Wednesday, February 17, 2010

Podunk Below the Masthead (Tuesday, February 16, 2010)

Looking for answers on the disappearing eulachon, no sight of the time capsule yet and an insiders look at the All Native Basketball Tournament, some of the items of note for Tuesday.

Daily News, front page, headline story
SOME ARE ALREADY ASKING WHERE HAVE ALL THE EULACHON GONE? -- First Nations up and down the coast are facing a growing concern, that of the fate of the eulachon and what is causing its steep decline, the Daily outlines some of the thoughts from the North coast as to where the problems may be.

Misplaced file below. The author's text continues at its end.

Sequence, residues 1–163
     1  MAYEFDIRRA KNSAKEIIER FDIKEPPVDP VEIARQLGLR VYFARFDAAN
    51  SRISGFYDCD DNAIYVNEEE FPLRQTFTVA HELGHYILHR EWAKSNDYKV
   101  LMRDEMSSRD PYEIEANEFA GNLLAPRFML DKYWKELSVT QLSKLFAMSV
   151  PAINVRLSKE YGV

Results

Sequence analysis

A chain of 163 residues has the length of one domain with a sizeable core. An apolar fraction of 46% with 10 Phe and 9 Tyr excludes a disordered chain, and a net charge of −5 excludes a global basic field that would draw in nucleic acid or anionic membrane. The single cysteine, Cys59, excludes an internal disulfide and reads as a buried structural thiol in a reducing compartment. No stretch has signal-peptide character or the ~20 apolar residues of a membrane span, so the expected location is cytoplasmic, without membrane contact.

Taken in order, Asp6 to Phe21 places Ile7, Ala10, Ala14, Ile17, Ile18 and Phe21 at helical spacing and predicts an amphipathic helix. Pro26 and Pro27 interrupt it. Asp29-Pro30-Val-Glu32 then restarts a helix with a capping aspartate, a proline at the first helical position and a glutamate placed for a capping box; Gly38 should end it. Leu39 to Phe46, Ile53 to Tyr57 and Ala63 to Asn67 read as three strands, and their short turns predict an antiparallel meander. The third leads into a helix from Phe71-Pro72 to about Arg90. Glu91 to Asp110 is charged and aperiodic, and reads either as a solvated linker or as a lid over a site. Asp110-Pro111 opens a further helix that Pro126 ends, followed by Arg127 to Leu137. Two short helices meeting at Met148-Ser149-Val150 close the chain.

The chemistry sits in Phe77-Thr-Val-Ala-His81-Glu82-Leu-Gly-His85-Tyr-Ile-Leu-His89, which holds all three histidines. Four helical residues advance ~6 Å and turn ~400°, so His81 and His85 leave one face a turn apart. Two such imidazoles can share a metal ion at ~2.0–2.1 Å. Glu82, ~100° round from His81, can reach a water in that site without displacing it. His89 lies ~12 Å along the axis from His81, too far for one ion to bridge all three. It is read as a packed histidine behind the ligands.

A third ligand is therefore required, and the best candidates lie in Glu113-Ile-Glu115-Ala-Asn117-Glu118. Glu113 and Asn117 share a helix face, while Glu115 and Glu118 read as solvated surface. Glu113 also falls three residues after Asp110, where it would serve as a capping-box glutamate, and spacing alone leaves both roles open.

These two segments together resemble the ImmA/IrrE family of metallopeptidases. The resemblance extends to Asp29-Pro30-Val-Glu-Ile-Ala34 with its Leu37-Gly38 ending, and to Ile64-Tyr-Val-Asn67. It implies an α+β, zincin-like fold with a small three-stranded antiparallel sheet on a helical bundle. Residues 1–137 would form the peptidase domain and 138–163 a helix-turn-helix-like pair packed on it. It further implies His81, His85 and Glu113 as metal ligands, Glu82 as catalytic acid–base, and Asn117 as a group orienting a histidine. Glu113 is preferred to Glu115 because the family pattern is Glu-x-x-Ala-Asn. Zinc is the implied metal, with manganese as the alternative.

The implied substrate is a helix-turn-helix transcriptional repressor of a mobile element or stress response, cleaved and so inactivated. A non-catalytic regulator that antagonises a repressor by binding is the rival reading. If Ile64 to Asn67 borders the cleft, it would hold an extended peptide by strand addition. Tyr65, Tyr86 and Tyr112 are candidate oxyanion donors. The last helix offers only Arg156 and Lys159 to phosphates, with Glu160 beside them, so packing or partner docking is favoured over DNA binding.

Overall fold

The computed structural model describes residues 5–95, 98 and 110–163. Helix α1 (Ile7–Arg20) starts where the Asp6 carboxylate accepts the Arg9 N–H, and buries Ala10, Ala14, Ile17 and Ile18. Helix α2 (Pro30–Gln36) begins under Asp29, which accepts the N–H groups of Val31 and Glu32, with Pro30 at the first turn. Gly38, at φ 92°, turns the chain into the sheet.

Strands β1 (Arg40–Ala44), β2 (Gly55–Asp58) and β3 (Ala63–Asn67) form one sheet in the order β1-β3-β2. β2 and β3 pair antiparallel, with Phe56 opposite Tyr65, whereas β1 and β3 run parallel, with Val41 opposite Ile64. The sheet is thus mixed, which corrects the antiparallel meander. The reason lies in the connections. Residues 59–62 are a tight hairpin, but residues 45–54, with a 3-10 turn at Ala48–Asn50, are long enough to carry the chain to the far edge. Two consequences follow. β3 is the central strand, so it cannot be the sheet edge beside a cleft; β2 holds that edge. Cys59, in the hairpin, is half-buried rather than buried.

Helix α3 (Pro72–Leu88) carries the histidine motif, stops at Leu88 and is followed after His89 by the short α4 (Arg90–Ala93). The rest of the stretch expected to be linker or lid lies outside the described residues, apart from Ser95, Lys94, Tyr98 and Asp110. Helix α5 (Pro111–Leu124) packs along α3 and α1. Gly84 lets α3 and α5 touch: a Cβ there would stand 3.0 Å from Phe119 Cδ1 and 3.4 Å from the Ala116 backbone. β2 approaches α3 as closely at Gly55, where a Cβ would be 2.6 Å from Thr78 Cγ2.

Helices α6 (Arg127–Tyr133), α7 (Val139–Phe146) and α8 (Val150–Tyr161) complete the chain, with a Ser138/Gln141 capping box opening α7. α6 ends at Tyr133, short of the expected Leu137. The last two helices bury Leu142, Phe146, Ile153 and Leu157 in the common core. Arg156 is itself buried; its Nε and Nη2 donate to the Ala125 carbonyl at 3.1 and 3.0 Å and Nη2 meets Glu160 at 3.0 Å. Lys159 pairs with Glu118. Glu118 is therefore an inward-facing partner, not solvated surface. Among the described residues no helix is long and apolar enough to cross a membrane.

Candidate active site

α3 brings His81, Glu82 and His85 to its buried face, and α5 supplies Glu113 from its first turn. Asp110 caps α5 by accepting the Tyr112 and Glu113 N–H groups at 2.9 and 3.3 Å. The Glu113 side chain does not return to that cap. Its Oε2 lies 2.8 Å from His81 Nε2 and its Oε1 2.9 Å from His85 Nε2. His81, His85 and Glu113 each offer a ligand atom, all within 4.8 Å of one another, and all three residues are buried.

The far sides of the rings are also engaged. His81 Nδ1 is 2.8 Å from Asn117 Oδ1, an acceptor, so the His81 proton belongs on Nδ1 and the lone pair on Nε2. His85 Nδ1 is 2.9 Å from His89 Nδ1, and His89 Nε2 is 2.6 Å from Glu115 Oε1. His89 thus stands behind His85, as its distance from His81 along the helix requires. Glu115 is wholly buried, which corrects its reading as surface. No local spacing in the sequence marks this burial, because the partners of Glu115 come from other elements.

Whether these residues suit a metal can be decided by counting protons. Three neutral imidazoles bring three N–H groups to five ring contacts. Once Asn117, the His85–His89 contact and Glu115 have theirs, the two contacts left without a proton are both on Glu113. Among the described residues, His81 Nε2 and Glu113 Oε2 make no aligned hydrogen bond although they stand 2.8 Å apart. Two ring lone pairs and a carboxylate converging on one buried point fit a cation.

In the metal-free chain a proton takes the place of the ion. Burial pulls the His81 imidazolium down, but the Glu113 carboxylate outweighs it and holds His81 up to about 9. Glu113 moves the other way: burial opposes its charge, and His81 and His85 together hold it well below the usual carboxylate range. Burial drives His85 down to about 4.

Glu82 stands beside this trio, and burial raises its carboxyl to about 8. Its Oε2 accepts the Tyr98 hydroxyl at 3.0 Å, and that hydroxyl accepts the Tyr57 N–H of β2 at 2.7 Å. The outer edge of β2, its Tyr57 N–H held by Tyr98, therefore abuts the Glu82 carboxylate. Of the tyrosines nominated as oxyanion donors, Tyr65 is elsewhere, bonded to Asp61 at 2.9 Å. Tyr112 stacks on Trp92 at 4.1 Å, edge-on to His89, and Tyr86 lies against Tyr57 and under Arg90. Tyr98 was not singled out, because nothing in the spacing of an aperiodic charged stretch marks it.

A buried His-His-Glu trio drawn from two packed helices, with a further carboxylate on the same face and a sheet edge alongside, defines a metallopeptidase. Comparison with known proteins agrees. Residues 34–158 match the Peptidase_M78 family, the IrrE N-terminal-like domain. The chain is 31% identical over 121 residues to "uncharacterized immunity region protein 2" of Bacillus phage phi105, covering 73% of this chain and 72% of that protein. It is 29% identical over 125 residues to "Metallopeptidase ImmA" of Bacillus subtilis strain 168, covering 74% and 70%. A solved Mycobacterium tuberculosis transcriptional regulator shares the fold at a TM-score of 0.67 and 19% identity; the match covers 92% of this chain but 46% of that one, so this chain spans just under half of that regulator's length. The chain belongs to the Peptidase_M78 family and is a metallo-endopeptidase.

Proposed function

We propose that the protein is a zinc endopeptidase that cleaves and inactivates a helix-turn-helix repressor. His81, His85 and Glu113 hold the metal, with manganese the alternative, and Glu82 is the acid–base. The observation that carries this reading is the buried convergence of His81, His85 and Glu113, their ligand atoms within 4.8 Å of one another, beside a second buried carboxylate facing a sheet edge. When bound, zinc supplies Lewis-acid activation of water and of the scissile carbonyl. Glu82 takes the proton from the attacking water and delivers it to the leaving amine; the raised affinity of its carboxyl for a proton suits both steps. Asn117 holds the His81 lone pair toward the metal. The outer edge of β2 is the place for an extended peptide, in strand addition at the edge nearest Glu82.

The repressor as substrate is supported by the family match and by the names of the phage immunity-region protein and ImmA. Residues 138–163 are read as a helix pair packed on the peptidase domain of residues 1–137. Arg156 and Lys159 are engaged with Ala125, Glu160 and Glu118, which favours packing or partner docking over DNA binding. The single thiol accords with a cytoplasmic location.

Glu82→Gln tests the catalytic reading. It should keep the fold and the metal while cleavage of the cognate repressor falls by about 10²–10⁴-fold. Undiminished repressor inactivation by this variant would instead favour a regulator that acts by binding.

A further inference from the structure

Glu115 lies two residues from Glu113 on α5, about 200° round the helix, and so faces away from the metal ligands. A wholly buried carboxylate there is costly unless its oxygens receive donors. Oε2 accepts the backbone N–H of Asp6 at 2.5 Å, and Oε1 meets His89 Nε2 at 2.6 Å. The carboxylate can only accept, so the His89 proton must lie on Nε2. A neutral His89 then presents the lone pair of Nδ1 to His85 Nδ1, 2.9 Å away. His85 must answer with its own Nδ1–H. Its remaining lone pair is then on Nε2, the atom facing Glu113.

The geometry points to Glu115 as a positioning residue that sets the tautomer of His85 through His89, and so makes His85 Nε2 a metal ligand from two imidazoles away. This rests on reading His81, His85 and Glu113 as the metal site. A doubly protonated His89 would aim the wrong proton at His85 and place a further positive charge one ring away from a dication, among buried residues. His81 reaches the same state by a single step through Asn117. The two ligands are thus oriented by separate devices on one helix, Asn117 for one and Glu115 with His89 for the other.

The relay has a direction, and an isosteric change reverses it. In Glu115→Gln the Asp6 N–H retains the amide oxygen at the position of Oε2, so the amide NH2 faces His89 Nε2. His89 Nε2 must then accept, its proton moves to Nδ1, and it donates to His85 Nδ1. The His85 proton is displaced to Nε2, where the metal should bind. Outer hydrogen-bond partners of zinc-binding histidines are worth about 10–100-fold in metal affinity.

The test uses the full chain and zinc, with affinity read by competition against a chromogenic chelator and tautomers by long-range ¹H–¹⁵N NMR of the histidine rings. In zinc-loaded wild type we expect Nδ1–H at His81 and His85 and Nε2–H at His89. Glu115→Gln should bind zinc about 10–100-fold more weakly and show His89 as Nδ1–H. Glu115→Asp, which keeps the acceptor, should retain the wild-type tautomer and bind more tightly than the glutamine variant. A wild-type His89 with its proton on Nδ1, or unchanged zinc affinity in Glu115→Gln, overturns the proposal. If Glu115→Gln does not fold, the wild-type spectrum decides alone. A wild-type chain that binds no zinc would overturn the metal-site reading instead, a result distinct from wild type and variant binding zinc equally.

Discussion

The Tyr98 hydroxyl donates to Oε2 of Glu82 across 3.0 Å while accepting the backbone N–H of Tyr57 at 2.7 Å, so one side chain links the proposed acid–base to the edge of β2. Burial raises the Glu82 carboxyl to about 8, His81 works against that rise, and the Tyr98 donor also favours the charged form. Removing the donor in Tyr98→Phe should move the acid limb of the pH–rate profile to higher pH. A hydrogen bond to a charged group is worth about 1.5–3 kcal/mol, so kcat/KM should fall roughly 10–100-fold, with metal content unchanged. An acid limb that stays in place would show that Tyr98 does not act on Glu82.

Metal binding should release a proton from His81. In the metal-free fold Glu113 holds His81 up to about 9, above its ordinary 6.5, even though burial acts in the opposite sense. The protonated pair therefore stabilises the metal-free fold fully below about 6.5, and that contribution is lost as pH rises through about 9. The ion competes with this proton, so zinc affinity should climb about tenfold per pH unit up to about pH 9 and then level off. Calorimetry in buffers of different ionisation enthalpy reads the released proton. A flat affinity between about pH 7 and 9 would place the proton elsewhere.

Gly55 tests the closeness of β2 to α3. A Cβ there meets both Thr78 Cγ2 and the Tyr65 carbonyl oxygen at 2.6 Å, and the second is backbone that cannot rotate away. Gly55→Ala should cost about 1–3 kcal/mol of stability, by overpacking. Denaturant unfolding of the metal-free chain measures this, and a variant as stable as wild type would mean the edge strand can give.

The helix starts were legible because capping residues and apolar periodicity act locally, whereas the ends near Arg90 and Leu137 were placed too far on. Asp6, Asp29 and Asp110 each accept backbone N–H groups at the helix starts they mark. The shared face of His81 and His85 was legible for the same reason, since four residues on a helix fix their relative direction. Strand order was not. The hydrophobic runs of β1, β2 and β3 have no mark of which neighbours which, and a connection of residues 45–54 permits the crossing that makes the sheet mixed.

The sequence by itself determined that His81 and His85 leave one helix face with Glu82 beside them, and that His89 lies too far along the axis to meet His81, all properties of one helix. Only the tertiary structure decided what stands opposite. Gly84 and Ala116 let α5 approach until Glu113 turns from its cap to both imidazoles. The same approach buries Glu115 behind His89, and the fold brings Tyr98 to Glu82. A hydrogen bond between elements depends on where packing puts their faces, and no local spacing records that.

Thursday night brings metal to the Tom Rooney playhouse as two bands take to the stage at the Third Avenue West venue. Gyibaaw, a First Nations metal band out of Prince George explained their unique sound and what those who attend Thursday's concert may find.

CityWest's plans to raise the cost of their business lines gets a look over from the Tuesday edition of the Daily. As we outlined in the blog back on February 4th, CityWest has approached the CRTC for the business line increase. The City owned communication company outlined for George T. Baker their reasoning behind the rate increases, highlighting their theme that the cost for Rupert customers is still lower than those in Terrace.

Badminton was the featured item in the Tuesday sports section with a look at the recent High School zones won by Terrace, the Daily also continued on with its special coverage of this weeks All Native Basketball Tournament.